It's hard to write a column about politics these days without coming back to the issue of partisanship. It must be one of the most recurrent themes, if not the most, in American politics today. Last week, the House and Senate passed the 2010 budget without a single Republican vote, while the Pew Research Center released an analysis showing the largest partisan gap in a new president's approval rating in modern times.
President Obama's job approval rating among Democrats in last month's Pew polling was 88 percent, with just 27 percent of Republicans approving. The 61-point gap exceeds that of Presidents George W. Bush (51 points in March 2001), Bill Clinton (45 points in April 1993), George H.W. Bush (38 points in May 1989), Ronald Reagan (46 points in March 1981), Jimmy Carter (25 points in March 1977) and Richard Nixon (29 points in March 1969).* Partisanship is alive and well, even in the era of Obama.
An obvious way of measuring partisanship is in terms of the enormous gap between how die-hard Democrats and Republicans assess political leaders. In the case of President Obama, the difference was night and day in the March Pew poll. (He received a 57 percent approval rating among independents.) Obama got similar numbers in Gallup polling last week, with a 90 percent approval rating among Democrats, 27 percent among Republicans and 60 percent among independents, with a margin of error of +/- 2 percentage points.
It's important to remember that the partisanship we are seeing has two sides to it.
But right now, the most germane partisanship is found on Capitol Hill, where party cohesion is running extremely high. Not every important vote has been along party lines, but there have been few defectors for either side. It's important to remember, though, that the partisanship we are seeing has two sides to it. On one side, there are Democrats sticking with Obama at a very high rate, and on the other side, Republicans are staying with their leadership at a similarly high rate. Don't lay all of this on Republicans; both sides are holding firm.
On the GOP side, many of the moderate and swing-district members who would be likely to stray from the party lost re-election in either 2006 or 2008. The remaining Republicans, who fundamentally disagree with much of what Obama and the Democrats are trying to do, are overwhelmingly from safe and very conservative districts.
Then there is the question of those Republicans who have fairly senior committee positions, and whether too much fraternization with the enemy could cost them their ranking slot. Given the magnitude of GOP losses in the last two elections, the remaining GOP members have little tolerance for cavorting with the opposition.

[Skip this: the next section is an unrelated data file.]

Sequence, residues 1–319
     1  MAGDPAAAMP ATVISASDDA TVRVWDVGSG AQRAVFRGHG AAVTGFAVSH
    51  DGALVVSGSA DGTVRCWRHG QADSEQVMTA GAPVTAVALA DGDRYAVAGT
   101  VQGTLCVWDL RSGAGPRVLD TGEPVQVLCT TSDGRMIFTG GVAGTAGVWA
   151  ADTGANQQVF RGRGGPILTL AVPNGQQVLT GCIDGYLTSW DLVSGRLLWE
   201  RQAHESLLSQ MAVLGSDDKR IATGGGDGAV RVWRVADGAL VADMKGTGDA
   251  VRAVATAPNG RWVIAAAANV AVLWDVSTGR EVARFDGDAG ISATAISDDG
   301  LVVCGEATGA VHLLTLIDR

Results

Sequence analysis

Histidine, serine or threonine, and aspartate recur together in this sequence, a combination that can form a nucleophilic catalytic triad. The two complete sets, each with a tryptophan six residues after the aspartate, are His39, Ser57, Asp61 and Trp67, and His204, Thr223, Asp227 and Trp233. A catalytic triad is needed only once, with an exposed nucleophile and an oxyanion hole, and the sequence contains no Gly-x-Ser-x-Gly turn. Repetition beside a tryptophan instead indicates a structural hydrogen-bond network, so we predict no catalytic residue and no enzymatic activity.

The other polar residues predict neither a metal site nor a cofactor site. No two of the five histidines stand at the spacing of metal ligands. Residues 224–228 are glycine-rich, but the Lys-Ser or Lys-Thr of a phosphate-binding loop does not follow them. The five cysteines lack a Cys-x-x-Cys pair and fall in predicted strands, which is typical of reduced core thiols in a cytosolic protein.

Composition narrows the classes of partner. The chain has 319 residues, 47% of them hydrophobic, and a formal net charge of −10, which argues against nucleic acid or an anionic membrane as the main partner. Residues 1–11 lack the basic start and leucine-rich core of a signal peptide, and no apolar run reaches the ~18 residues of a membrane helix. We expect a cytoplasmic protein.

On the Democratic side, one thing Speaker Nancy Pelosi, D-Calif., understands is arithmetic. She and the rest of the Democratic House leadership have worked hard to keep their most endangered members from having to cast ballots that would cost them re-election. They understand that some of these members represent districts that are extremely problematic, with voters that simply would not tolerate a congressman who votes down the line with the Democratic leadership. Those Democrats who needed to vote against the leadership were allowed to. The partisan advantage Democrats hold in the House is sufficient to let conservative members do what is necessary to survive.
When it comes to Obama, however, it's imperative that he keep his approval rating up among independents. With 36 percent of all adults last year identifying themselves as Democrats, he can have the enthusiastic support of every Democrat in the country and still have an approval rating that would be just a bit better than impeachment level. To keep his approval rating in the high 50s and low 60s, a level that maximizes his clout on Capitol Hill and helps him hold the political high ground, Obama needs strong support among independents as well.
In weekly compilations of Gallup's nightly tracking data, with a margin of error of +/- 2 percentage points, Obama has run at 90 percent approval among Democrats, give or take 2 points, each week since taking office. Among independents, he has been running around 60 percent each week. Among Republicans, it has varied from as low as 38 percent to as high as 41 percent, the latter just after taking office and before any meaningful policy decisions were made.
If you're going to watch any specific subgroup, watch the independents. Democrats will stick with Obama no matter what, and most Republicans are out of reach. The game lies with that key group of independent voters.
*Data prior to 1990 is from Gallup.
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